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Reader Comment: a Way to Move the Entire Home Folder

re: Storing Important Data on the Boot Drive is Asking For Trouble — Always Make a Separate Volume

Mike’s comment relates to yesterday’s post and Add a Separate macOS Volume for Important Data Instead of Storing It All in the Home Directory.

Login user "test" with home dir on volume "X8"
Login user "test" with home dir on volume "X8"

Reader Mike B writes:

Another way you can keep your data on another drive is to set your Home folder to a folder on a different volume (an additional volume that you create on your main internal drive). 

Under System Preferences or Settings, open Users and Groups, control/right click on your account, choose Advanced Options, and then select the new location (under ‘Choose').  You can drag that folder over to set the path without typing it.

Thereafter, unless you specify otherwise, all your stuff (including your Desktop) will default to the new location.

MPG: good point.

The user home dir can be on any volume, not just a volume based-off the internal drive. However, on a volume based on the internal drive, the risks that I discuss below are lessened.

Dubious rationale

Adding complexity based on dubious articulable benefit while adding risk is a bad system.

Why relocate the home folder at all when it’s not even the issue? The very premise is faulty.

The issue is where to store the data that you directly create. Why feel constrained to store it in some subfolder(s) of the home folder? The purpose of the home folder has never been storing 100TB or even 10TB of stuff. It’s a UNIX-ism from 41+ years ago (I’m old enough to have started using Unix back in 1983…!)

No one has to use the Documents, Pictures, Downloads folders. And that is mostly what is driving this whole idea. Ignore them and put your stuff wherever you like, on a separate volume, external volume, etc. Moreover, apps like Photos.app and Music.app can just as easily store their databases elsewhere (which I do). Or you can symlink Pictures, etc elsewhere. But moving the entire home folder is a solution in search of a problem.

The Desktop is handy. And if you really want to store 3.8TB or 11.3TB of stuff in a few folders on your desktop or home directory, the tip above should get the job done on a nice big SSD like the OWC ThunderBlade X8 or OWC Express 1M2. But... why?! You can just as easily put it onto an external drive and have an alias icon to it on your desktop = no meaningful difference and no added complexity.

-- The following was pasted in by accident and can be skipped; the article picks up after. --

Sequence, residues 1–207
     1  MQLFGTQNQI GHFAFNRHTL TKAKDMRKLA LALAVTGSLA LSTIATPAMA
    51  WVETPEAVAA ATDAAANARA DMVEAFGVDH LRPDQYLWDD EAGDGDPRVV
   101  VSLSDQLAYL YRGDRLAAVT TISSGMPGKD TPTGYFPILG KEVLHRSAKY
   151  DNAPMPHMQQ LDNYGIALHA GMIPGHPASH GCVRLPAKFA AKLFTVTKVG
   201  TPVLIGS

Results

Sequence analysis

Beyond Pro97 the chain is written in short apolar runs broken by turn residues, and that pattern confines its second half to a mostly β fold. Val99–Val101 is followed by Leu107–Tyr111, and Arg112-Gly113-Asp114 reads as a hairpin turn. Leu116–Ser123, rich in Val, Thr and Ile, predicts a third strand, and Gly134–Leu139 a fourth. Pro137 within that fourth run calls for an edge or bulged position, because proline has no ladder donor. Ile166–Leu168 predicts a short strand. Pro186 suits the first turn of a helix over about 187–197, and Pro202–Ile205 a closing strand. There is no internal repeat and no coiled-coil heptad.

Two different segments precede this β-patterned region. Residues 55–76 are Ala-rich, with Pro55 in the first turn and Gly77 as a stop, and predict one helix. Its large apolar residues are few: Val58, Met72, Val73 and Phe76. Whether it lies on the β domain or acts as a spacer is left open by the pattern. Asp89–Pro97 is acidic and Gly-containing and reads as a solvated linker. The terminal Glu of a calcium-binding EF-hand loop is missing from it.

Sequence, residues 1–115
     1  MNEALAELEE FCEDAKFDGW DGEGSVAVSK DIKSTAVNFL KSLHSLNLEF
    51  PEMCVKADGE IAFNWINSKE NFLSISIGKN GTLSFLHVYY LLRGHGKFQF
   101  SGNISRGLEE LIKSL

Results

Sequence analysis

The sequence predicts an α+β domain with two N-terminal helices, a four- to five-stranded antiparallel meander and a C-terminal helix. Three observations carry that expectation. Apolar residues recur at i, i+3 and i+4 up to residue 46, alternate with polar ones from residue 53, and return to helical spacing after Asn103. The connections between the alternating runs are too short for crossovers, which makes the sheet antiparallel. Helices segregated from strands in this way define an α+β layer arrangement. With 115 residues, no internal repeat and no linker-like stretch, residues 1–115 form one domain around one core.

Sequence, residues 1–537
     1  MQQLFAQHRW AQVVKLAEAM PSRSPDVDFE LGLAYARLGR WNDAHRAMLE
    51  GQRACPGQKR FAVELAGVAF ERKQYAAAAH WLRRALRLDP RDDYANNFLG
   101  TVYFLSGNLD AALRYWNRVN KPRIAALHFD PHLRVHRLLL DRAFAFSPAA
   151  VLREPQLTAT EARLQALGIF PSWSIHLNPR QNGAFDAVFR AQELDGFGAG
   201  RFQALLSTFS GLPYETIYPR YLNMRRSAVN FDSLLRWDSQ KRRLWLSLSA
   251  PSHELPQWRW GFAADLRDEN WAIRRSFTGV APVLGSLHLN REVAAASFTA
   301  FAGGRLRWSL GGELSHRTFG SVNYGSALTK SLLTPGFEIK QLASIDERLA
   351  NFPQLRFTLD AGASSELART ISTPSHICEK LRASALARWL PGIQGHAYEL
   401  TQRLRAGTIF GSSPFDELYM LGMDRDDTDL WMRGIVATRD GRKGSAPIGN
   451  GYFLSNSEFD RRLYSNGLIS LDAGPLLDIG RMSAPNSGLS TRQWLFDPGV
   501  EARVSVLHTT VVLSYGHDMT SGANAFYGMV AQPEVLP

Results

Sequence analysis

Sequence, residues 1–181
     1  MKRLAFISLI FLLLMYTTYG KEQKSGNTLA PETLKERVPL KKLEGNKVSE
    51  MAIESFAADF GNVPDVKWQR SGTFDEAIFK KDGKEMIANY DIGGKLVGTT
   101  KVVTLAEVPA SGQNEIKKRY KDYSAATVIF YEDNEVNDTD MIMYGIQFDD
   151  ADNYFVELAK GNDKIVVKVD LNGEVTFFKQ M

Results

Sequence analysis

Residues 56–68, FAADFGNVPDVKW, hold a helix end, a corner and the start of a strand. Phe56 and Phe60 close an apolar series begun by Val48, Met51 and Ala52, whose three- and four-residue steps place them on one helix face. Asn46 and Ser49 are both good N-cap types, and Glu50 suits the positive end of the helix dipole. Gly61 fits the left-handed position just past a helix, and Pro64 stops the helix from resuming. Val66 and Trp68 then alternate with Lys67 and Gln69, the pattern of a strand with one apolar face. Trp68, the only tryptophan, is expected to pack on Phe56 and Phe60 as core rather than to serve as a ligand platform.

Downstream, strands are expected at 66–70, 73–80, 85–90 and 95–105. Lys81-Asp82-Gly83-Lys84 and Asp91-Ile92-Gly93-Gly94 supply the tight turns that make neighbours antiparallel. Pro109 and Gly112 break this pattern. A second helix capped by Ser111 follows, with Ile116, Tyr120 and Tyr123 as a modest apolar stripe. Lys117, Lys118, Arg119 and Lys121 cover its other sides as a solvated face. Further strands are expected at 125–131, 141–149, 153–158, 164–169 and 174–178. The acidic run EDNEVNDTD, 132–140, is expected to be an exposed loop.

Downsides to relocating home folder

With a home folder on an external drive:

  • Reduced speed—external drives even the fastest are about half the speed of Apple’s internal SSDs, though this might change with the advent of Thunderbolt 5.
  • Doubled failure possibilities (or worse) that could prevent login—external drive could fail or have a bad cable or a corrupted file system, some RAID-setup incompatibility that arises, etc. Create a separate admin account on the internal drive, just in case.
  • Encryption of home folder (important) — can an encrypted drive be unlocked (required) prior to logging in? (not sure)
  • Risks— Apple does a poor job testing unusual scenarios (if at all), and moving the home folder is probably a 1 in 50K situation. Risks rise as more complex macOS features are added.

Not scalable and makes little sense anyway

Allowing the system to decide where your stuff ends up is poor computing hygiene. The smart move with your important data means controlling where it goes and how it gets organized and having a disciplined backup strategy.

For photographers and videographers, the appropriate place for Your Stuff might not just be one external volume, but possibly several external volumes, and possibly RAID or network-based. You can’t put a home folder on several volumes. But most important, a single home dir is a non-scaleable idea that does not work in 'production' scenarios.

BTW, much of the contents of the home folder stuff is replaceable junk, stuff that sorta needs to be there, but junk nonetheless (not your stuff)—200K files, an entire landfill of cruft. A portion of this has value, eg various Apple SQL databases for Contacts and Calendars, etc, but that’s all buried down there and not very large. I don’t like mixing my stuff with what is mostly garbage.

Finally, if work is project-based as mine is, perhaps you work alone but maybe you share with a workgroup. In that case, it makes little sense to have workgroup-shareable data in one’s personal home folder.

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